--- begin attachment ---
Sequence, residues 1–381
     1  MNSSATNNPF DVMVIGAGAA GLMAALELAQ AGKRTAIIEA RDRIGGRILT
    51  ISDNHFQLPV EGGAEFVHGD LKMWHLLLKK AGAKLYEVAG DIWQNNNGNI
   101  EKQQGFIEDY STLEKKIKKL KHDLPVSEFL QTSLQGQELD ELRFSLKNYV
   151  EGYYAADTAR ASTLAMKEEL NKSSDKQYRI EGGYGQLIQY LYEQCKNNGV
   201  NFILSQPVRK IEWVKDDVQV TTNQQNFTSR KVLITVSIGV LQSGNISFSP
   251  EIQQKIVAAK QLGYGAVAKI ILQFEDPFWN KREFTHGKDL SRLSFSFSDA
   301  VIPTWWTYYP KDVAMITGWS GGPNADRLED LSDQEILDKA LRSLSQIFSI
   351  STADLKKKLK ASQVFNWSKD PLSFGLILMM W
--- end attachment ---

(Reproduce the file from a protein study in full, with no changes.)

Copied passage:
Sequence, residues 1–381
     1  MNSSATNNPF DVMVIGAGAA GLMAALELAQ AGKRTAIIEA RDRIGGRILT
    51  ISDNHFQLPV EGGAEFVHGD LKMWHLLLKK AGAKLYEVAG DIWQNNNGNI
   101  EKQQGFIEDY STLEKKIKKL KHDLPVSEFL QTSLQGQELD ELRFSLKNYV
   151  EGYYAADTAR ASTLAMKEEL NKSSDKQYRI EGGYGQLIQY LYEQCKNNGV
   201  NFILSQPVRK IEWVKDDVQV TTNQQNFTSR KVLITVSIGV LQSGNISFSP
   251  EIQQKIVAAK QLGYGAVAKI ILQFEDPFWN KREFTHGKDL SRLSFSFSDA
   301  VIPTWWTYYP KDVAMITGWS GGPNADRLED LSDQEILDKA LRSLSQIFSI
   351  STADLKKKLK ASQVFNWSKD PLSFGLILMM W